The attorneys at GillespieShields practice family, employment, civil, criminal, and immigration law.
What is ‘Marital Waste’?
Marital waste occurs when one spouse intentionally wastes or squanders community funds or assets or when they spend lavishly for their own benefit in the hopes of depriving their spouse of those assets. This typically occurs after the marriage has already started to fall apart.
How Can I Prove ‘Marital Waste’ From My Spouse?
Due to the fact that Arizona is a community property state giving each party equal ownership of all property without regard to marital misconduct, it is somewhat difficult to identify and prove marital waste.
Arizona does have Revised Statutes governing a divorce that allows the Court to consider several factors in the equal division of marital property, and these include the following:
- Property destruction by a spouse
- Property ownership concealed from a spouse
- Unusual, and/or excessive spending by a spouse prior to the divorce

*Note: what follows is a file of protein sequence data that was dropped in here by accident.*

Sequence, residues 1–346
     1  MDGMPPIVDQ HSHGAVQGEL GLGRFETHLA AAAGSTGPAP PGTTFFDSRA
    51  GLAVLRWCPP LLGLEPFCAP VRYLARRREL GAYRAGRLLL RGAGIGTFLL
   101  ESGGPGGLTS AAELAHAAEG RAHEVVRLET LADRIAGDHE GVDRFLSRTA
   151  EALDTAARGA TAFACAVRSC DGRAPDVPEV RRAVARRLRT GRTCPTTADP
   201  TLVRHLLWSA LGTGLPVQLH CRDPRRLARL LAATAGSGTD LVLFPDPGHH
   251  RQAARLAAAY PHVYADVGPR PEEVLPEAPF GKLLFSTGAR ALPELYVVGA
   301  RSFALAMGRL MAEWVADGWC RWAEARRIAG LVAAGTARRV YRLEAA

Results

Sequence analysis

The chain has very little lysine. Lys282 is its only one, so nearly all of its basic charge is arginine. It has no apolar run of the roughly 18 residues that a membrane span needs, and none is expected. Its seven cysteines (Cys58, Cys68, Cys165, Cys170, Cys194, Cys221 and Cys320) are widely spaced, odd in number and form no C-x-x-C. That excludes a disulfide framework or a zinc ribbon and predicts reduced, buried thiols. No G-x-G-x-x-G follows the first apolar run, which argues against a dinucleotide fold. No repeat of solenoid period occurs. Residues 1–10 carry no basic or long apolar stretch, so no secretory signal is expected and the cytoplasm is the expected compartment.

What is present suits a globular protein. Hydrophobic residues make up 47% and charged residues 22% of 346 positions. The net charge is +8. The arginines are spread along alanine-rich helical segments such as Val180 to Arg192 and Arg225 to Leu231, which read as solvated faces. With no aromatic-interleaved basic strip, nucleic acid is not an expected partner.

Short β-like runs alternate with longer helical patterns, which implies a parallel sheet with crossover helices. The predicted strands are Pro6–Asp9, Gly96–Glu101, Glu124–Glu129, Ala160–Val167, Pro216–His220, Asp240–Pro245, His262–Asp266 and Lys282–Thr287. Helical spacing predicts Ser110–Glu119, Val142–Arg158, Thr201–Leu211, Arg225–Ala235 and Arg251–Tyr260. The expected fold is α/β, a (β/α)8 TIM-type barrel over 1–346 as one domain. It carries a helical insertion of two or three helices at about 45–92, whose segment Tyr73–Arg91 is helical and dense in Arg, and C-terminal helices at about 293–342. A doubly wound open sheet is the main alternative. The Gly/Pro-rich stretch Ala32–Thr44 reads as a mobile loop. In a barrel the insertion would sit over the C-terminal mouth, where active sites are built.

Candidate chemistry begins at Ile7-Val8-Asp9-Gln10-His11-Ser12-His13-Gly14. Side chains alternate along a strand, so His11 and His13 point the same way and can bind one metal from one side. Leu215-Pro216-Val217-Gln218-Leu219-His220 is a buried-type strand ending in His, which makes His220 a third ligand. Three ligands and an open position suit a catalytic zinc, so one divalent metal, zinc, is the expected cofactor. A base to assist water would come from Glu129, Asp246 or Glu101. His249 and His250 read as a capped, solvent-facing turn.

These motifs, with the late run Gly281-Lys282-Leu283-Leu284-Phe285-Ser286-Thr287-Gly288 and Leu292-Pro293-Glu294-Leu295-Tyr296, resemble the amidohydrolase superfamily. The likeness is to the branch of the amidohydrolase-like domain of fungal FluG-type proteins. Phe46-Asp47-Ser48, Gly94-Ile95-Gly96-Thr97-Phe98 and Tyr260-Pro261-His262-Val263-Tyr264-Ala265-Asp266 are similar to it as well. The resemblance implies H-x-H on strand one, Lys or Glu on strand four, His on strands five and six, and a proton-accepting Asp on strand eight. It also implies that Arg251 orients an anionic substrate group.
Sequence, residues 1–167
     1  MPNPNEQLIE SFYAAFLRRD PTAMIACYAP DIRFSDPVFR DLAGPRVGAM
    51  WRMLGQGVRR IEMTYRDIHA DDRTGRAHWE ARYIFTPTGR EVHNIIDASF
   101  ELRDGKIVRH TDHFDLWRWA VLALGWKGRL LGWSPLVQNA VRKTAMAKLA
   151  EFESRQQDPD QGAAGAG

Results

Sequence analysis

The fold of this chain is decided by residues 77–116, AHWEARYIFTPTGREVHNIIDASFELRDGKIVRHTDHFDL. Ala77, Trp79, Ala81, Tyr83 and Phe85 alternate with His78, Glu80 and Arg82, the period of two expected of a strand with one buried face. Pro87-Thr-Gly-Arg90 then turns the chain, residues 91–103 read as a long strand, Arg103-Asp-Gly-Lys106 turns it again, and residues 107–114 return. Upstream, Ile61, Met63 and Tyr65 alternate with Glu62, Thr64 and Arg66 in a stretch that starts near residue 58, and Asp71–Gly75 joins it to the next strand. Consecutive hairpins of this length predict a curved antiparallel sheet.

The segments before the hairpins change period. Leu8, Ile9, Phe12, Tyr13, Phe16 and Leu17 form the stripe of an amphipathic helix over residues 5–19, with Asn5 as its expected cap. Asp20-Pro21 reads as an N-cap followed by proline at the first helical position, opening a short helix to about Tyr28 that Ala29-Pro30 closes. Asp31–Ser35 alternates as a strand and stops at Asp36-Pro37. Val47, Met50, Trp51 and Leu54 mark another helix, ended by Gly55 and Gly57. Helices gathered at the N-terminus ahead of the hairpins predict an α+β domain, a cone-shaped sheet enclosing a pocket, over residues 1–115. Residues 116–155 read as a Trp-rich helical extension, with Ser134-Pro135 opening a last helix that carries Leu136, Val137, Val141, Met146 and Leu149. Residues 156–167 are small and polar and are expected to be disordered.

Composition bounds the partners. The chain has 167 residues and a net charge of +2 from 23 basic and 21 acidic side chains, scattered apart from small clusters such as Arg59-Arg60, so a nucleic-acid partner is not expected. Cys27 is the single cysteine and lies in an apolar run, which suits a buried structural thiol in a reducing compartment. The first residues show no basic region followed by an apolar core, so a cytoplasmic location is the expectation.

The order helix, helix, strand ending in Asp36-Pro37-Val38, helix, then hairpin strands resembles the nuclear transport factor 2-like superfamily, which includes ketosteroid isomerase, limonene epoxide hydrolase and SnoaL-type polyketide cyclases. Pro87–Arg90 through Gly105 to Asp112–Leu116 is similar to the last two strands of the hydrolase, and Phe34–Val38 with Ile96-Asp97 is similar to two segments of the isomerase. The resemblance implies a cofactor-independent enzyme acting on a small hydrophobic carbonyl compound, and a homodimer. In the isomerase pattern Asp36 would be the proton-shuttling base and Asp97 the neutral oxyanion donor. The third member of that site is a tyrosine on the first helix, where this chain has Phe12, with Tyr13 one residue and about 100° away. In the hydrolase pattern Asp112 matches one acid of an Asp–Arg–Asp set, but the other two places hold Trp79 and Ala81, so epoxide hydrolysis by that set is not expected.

- Disposing of property with the intent to defraud the other spouse
- Disposing of joint tenancy property with the intent to defraud the other spouse
- Gambling excessively with the intent to defraud the other spouse
- Making major purchases with the intent of defrauding the other spouse
If marital waste is proven, the offending spouse may be ordered to provide compensation to the other for their fraudulent conduct.
It’s important to keep in mind that marital waste is not based upon bad behavior, or poor choices, but the deliberate intention of defrauding the other party when a divorce is imminent.
We Can Answer Your Divorce and Prenuptial Agreement Questions
Contact the family law experts at GillespieShields to discuss your concerns regarding filing for divorce and misconduct by your spouse in the disposal of community property that may constitute marital waste. Our team has the knowledge and experience concerning marital waste, and the ability to determine if your spouse is attempting to illegally dispose of property to prevent you from receiving what is rightfully yours.
Call us at 602-870-9700 (Phoenix) or 480-985-4000 (Mesa) or contact us to request a consultation today.
The information contained on this site is not, nor is it intended to be, legal advice. You should consult an attorney for legal advice concerning your individual situation. We welcome you to contact us via phone, electronic mail, or through this website. However, contacting us does not create an attorney-client relationship. Please do not send us confidential information until such time as an attorney-client relationship is established.